Thursday, May 18, 2006

The 12th Imam

Robert Ferrigno, author of the Assassin's Gate, tells us what he thinks about Ahmadinejad, in the process providing some facts about the 12th Hidden Imam and the sect of Islam to which Ahmadinejad belongs.
Our present predicament with Iran revolves around the Twelfth Imam, or Hidden Imam, believed by Shiite Muslims to be the last in the line of spiritual/political rulers. The Twelfth Imam, Muhammad al-Mahdi, ascended to his position upon the death of his father, the Eleventh Imam, in 874 AD. Al-Madha at that time was five years old. Shortly after the funeral of his father, al-Mahdi disappeared, believed by Shiites to have been hidden by Allah until his return at some future point. The easiest way for westerners to think of the Hidden Imam is as the Islamic Messiah, Except the Islamic Messiah is to come at the hour of greatest peril for Muslims, come to battle the forces of evil and unite the entire world in an Islamic Caliphate.


Interesting, the mytheme has elements of the story of King Arthur, with the desired savior temporarily lost, but destined to return again when the world needs saving.

This may have been previously studied in some scholarly tome somewhere. But I don't know enough about it, I'm afraid to say, than to do other but note the similarity. Though, since that element of the Arthur story is rather late, my guess would be that the story influence ran from the shi'ite account to the Arthurian one. Though, it may also be that the version of the story of the 12th Imam familiar to us now, is also late, in which case, figuring out the vector of directionality in terms of the story development becomes more complicated.

And of course, both of these narratives reflect "the Messsianic myth". It's interesting, that at least in this version, it has elements of both the Jewish and Christian messianic narratives. For the first of the Jewish Messiahs is also meant to come at a time of great upheaval, war and devastation, to unite the people. Though it is the second Messiah who is supposed to preside over peace.

The Christian element in this narrative relates to the return of the desired savior once again, at the hour of need. And is later reflected in the Arthur story.

Another interesting point is that the particular sect that Ahmadinejad belongs to - the Hojjatieh - oppose the Islamic state, because they believe it will hasten the coming of the 12th Imam, since it will set up a time of peace, as opposed to upheaval, which will postpone the time when the 12th Imam arrives, since he needs to arrive at a time of chaos.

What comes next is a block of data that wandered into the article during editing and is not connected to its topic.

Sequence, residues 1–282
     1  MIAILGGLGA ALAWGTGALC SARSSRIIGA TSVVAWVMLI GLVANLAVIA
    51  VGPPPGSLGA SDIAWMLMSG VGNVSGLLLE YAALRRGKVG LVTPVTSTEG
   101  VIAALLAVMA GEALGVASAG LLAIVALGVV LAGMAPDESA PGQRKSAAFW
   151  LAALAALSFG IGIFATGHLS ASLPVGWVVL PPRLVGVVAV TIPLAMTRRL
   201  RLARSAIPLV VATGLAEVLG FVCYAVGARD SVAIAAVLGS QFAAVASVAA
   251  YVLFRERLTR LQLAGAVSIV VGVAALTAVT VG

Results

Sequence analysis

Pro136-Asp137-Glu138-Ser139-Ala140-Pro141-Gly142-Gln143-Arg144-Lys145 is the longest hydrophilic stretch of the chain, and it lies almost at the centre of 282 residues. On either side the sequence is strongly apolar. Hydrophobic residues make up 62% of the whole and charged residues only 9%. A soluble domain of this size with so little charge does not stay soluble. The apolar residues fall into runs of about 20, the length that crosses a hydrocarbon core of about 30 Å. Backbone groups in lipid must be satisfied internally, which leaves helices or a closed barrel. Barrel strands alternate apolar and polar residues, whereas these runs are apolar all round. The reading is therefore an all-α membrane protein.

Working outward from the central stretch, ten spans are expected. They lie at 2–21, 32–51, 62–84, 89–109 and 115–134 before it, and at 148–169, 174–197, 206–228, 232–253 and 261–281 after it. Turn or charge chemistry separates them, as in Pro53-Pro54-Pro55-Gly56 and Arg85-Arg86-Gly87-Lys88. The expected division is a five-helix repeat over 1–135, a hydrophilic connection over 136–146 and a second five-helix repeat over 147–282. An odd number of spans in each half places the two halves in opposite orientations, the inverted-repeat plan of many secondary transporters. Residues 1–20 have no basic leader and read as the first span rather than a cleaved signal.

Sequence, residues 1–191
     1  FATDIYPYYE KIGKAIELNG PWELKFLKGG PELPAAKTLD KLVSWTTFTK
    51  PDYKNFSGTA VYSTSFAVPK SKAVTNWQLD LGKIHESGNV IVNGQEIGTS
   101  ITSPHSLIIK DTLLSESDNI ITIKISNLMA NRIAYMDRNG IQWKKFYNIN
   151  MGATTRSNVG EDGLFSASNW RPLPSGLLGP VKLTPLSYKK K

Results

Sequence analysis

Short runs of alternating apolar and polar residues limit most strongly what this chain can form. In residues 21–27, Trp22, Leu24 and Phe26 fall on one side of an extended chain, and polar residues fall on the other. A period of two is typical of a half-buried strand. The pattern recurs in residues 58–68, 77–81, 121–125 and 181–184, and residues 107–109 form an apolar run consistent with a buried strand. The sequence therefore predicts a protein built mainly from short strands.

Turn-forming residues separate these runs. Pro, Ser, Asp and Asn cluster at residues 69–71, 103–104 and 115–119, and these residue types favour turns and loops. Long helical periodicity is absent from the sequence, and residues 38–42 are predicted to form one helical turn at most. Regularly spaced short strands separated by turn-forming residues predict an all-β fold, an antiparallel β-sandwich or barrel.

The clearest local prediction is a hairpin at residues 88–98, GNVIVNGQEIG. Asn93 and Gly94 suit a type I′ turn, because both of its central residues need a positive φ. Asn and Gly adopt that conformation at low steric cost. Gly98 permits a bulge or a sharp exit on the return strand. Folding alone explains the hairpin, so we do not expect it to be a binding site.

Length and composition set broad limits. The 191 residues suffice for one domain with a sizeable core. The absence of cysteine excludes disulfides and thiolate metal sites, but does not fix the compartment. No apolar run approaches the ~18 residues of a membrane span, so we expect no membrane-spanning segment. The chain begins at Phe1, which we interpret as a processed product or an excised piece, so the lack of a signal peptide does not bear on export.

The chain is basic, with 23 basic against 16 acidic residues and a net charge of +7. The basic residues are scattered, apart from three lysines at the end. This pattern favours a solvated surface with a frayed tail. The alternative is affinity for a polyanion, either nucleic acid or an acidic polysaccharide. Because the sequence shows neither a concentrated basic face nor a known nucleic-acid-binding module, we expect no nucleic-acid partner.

It reminds me of the stark anti-zionism of some of the more ultra-Orthodox Jews. Particularly that of neturei-karta, an organization so anti-zionist they believe that the Jewish state must be destroyed before the messiah will arrive, to which end they have often participated in self appointed "diplomatic initiatives" with the enemies of Israel, such as Arafat, and quite recently, in early March of this year, with Ahmadinejad.

In this later case, the theological similarity explains the attraction. They both believe the destruction of the Zionist entity will hasten the coming of the messiah. The difference is that they each have different notions of who the messiah will be and what he will accomplish once he arrives.

Further, here is the video in question.

Here is the video, at Memri, of Ahmadinejad apostrophizing the Europeans for treating the Iranian like children, in the bargaining position they attempt to set up for the Iranians.

And you know, he's not wrong on that point. Why should they go along with it? It is a ridiculous position, from the point of view of the Iranian regime. I'm glad he is calling their bluff in public.

And at the same speech, he calls the enemies of Iran's nuclear program mentally ill.

UPDATE: And here is Amir Taheri discussing the heavy price the Iranians have paid for their war against the US.

UPDATE II: And here is Aluf Benn in Ha'artez, exhorting the Israeli government not to be wimps when it comes to dealing with Iran. Olmert, of course, doesn't have the cachet that Sharon had, or the reputation.

Sharon had two advantages: total security authority domestically and an image among foreigners as someone who might run amok. The domestic authority guaranteed a unified Israeli policy. The leaks to the foreign press that Israel would attack Iran if diplomacy failed spurred the U.S. and its European friends. Sharon's record - from Kibiye and the Mitle to Beirut and the Muqata - left no doubt that he was capable of giving the launch order to attack Iran's nuclear facilities.

Israel then was left without a "Mr. Security" at its head, and its new leaders are finding it difficult to inspire the same degree of fearful respect. The result undermines the previous policy. First, the Iranian threat has become a partisan political issue. The head of the opposition, Benjamin Netanyahu, has called on Prime Minister Ehud Olmert to set aside the evacuation of settlements and direct billions into accelerated armament against Iran. Before the elections, Netanyahu backed an operation against Iran; now he is hinting that Olmert is not strong enough to deal with the threat.

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